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by: JANIS BRENTANO - Doug Templeton, pictured, recently reopened his automotive shop, Woodburn Carcraft, with his three sons Jim, Douglas and Michael, after a 10-year absence.It’s been a decade since the Woodburn Carcraft sign hung on the south side of town announcing itself in blue and gold. But with the business’ October re-opening, owner Doug Templeton is excited to be back and has brought his three sons into the fold, making Woodburn Carcraft a true family-run business.

When Templeton retired and sold his business in 2003, he got out of the automotive trade but didn’t retire in the classic sense. He wasn’t wintering in Arizona or fishing each afternoon.

Instead he partnered with his youngest son Michael and began remodeling and reselling homes.

Templeton also retained ownership of the automotive shop buildings and property. But when his shop tenant moved out this past fall, Templeton found himself with an empty 22,000-square-foot building and three sons interested in restarting the family business.

The Templetons outfitted the shop with state-of-the-art equipment and reopened under the original Woodburn Carcraft name just over a month ago.

“I had 10 years off and did a lot of fun things, but I’m excited to be back,” said Templeton.

Ten years ago when he sold the business, his sons, Jim, Douglas and Michael, were not interested in taking over and wanted to try other ventures. However, when his tenant moved out, he was left with not only an empty automotive garage but three eager sons.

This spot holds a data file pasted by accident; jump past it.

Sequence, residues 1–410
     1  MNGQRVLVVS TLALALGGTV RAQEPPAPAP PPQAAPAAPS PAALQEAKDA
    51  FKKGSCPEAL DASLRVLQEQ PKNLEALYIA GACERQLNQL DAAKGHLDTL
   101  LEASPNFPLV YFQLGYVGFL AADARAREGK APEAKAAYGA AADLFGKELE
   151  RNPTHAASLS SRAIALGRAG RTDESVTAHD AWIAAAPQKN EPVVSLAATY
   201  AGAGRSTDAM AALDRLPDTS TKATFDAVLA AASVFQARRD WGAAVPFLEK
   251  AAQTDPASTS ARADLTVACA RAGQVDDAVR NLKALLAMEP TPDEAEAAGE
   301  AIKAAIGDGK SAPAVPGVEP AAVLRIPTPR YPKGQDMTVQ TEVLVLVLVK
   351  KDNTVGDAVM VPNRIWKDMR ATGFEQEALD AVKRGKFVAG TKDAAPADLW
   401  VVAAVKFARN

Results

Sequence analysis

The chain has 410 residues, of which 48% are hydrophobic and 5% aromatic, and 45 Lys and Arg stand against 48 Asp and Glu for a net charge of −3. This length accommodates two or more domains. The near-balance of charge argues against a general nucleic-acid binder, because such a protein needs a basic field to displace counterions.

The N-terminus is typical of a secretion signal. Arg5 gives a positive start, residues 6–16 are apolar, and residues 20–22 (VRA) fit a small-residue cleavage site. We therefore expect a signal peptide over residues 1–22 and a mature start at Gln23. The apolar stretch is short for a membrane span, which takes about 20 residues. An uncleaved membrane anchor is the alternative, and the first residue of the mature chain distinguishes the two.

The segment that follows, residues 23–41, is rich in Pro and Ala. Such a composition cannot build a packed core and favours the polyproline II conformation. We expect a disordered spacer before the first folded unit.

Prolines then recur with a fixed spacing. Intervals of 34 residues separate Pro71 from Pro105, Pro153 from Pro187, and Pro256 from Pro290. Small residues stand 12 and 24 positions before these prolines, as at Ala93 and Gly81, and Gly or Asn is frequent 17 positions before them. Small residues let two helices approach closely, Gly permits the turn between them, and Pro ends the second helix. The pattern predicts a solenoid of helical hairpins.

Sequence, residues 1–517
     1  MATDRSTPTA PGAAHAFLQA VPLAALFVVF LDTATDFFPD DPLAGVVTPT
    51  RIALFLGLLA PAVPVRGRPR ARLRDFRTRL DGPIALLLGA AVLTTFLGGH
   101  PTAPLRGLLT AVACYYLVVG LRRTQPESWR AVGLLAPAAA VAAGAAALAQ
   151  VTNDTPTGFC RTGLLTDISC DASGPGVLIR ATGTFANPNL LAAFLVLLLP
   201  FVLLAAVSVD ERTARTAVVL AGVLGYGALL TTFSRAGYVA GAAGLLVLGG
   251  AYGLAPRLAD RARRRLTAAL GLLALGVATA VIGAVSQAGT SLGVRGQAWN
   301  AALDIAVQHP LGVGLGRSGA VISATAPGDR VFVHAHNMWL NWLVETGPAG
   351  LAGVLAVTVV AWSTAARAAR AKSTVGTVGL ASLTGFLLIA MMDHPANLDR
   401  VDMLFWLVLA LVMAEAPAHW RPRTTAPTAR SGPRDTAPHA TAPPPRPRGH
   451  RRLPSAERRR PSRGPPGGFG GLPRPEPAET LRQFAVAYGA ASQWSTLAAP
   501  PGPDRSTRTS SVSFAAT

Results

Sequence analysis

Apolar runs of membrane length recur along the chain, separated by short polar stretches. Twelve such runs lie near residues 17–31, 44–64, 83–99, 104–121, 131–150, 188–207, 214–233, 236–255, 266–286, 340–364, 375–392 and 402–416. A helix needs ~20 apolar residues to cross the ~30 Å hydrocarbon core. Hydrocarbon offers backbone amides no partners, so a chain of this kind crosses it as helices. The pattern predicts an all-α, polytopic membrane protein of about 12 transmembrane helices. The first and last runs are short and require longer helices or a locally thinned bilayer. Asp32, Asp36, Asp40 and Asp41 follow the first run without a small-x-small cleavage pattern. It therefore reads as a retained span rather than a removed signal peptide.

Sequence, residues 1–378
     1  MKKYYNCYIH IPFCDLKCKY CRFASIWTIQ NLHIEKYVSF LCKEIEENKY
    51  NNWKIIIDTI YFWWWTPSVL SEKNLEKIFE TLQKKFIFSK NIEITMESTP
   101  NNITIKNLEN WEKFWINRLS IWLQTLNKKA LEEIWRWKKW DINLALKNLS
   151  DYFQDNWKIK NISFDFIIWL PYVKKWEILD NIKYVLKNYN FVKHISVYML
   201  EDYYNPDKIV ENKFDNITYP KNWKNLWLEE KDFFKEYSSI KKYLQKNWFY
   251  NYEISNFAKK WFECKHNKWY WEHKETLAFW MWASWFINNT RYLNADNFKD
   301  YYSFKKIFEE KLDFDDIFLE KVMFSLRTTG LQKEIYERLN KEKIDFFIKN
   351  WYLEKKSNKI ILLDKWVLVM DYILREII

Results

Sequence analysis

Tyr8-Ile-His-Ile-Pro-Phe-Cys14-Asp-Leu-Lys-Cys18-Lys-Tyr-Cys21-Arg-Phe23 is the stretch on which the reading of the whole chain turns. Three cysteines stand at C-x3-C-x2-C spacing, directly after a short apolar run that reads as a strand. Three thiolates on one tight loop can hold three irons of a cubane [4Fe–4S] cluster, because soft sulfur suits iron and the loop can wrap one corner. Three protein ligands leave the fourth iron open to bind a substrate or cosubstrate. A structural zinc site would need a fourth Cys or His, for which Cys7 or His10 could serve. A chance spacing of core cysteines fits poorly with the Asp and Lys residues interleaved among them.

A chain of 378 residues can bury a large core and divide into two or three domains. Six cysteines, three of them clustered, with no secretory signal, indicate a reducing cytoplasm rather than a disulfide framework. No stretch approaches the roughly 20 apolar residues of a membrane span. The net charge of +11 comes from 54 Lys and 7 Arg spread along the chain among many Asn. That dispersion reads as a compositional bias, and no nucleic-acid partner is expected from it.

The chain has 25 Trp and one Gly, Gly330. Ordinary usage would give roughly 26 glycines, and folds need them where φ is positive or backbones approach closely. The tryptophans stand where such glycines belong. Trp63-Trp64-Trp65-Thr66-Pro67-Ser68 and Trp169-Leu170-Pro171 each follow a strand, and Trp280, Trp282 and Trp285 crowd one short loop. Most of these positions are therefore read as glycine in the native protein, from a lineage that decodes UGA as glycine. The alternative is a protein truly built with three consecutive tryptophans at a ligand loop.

Templeton opened his original automotive shop in 1975 and made a mark on the community with his strong sense of civic-mindedness. Over the years, he served as president of the Woodburn Area Chamber of Commerce, the Woodburn Downtown Association and Woodburn Kiwanis. In 2001, Woodburn Carcraft was named Business of the Year and Templeton garnered special recognition from then-congressional Rep. Darlene Hooley. Templeton believes in a strong sense of community and said that being involved in the community helped make his business a success.

“We really like to stay involved in the community,” Templeton said. “When I started out here in 1975, as the new boy in town, I figured the only way to get known was to join the service clubs and start helping out in the community.”

Templeton’s newly updated shop started humbly in a damp heater-less metal building that still sits on the south side of the parking lot. Templeton said they currently use it as a detail shop, but are considering tearing it down to make room for more parking.

Templeton grew up in Arizona and northern California but it was through an invitation from his sister, who lived in Newberg, that he came to the Willamette Valley and landed in Woodburn. After working at a Salem auto body shop, Templeton decided to start his own business and founded Woodburn Carcraft.

When Templeton sold his business, he and his wife, Gwen, a registered nurse at Salud Medical Center, enjoyed traveling in their RV and camping with friends. But with his wife still working several days a week, Templeton said they couldn’t be gone for too long. Now with the business reopening, Templeton said he works almost every day but is hoping to scale back and semi-retire by early next year. He will rely on his sons to run the business and each has his own area of specialty: Jim is the technician and auto body specialist, Douglas specializes in auto paint and Michael excels in office management.

Currently Carcraft is open Monday through Friday, but Templeton hopes to add Saturdays soon.

The Templetons offer a full-service auto shop able to fix both engine and body trouble, and also service recreational vehicles.

“We’re just excited to be back,” Templeton said. “We don’t want anyone to have bad luck with their cars, but when they do, we’re here to fix it.”

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